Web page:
Be creative about slipping some spontaneous activity into your routine. Offer a "commercial challenge" to get kids up off the couch during TV. See who can hop on one foot the longest or run the fastest during the commercial breaks. Or put on music and dance while you're doing household chores.

Activities for Kids: Little Ones, School-Aged, and Teens

Whatever your kids' ages, they're not too young -- or too old -- to get in on the fun as long as you offer activities that are right for their age. Here are some suggestions.

Young kids:

  • Make a walk into an adventure. "Have family members take turns calling out a different type of walk every half-block," says Pillarella. For example, you could skip, take giant steps, or walk like an elephant.
  • Play simple, active games. Kids naturally like to play. Remember the games you liked when you were a little kid? Chances are, your child will also like a brisk game of Simon says, hide-and-go-seek, red light-green light, or ring-around-the-rosy, Hampl says.

School-age kids:

  • Consider a class or team. "This is a good age to start some structured activity," Bartell tells WebMD -- whether it’s a dance class, Little League baseball, or a school team sport. "Don’t just drop them off and leave every time," she says. "Watch them and cheer them on sometimes. Let them know you’re excited for them."
  • Encourage active after-school play. "When friends come over, tell them the rule for play dates is no TV or computer," Bartell says. Send kids outside and let their imaginations set the pace of play.


  • Limit screen time. Bartell recommends limiting home use of cells phones, TVs, and computers (except for homework) to a total of two hours a day. If your teen is very attached to electronics, slowly reduce the time. You need to come up with a plan that works for your family.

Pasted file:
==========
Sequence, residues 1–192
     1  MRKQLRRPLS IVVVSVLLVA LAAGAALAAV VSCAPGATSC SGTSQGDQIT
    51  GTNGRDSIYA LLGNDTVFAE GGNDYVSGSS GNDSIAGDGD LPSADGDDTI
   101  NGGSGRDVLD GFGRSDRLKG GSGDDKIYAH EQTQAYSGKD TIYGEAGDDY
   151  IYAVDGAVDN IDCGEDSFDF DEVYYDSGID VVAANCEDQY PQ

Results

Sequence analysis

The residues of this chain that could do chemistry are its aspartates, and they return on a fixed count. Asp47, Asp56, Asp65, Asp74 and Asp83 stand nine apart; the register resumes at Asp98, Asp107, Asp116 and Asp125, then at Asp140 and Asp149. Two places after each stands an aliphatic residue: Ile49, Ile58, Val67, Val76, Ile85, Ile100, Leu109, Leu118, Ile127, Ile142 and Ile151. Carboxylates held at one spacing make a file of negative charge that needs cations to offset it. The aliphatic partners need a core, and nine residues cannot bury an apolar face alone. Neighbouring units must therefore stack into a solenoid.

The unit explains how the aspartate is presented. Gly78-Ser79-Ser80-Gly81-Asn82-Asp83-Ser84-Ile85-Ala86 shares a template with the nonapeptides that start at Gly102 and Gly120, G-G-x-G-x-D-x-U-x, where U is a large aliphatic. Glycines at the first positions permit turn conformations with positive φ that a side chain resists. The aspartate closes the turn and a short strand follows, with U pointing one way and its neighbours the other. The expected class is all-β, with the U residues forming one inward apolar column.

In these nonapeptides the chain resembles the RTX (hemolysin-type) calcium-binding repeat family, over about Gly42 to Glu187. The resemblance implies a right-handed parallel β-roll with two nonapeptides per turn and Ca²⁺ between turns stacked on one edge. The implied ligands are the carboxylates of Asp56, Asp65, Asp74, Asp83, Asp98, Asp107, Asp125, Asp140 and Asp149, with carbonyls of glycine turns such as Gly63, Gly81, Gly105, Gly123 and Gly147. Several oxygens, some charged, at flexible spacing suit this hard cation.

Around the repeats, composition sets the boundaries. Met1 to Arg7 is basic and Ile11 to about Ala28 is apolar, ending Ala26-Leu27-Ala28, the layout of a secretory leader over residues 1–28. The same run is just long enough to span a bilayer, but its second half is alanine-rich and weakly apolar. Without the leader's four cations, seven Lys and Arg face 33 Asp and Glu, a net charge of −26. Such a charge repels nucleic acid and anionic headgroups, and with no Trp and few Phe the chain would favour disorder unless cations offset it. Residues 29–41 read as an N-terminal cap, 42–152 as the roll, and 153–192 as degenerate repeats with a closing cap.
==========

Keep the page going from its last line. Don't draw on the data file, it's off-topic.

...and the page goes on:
• Get away for the day. An active family day trip is a great way to spend time with older kids, says Bartell. Hike at a state park, cycle a nearby trail, or canoe around a lake. Make it a group trip -- at this age, Bartell says, teens may be more enthusiastic about coming with you if they can bring a friend along.

Raising active kids when you're not used to being active doesn't have to be difficult. It just takes a different mind-set than you're used to. Be open to the everyday exercise opportunities around you and enjoy them. "The most successful families are those who are in it together for the long haul," Pillarella says.

Show Sources

Susan Bartell, PsyD, author, Dr. Susan's Fit and Fun Family Action Plan; psychologist, Port Washington, N.Y.

Jago, R. BMC Public Health, April 15, 2010; vol 10: art. 194.

Debi Pillarella, MEd, fitness program director, Community Hospital Fitness Pointe, Munster, Ind.

Sarah Hampl, MD, assistant professor of pediatrics, University of Missouri-Kansas City School of Medicine; pediatrician and medical director, PHIT Kids (Promoting Health in Teens and Kids) obesity treatment program, Children's Mercy Hospitals and Clinics, Kansas City, Mo.

CDC: "Physical Activity for Everyone."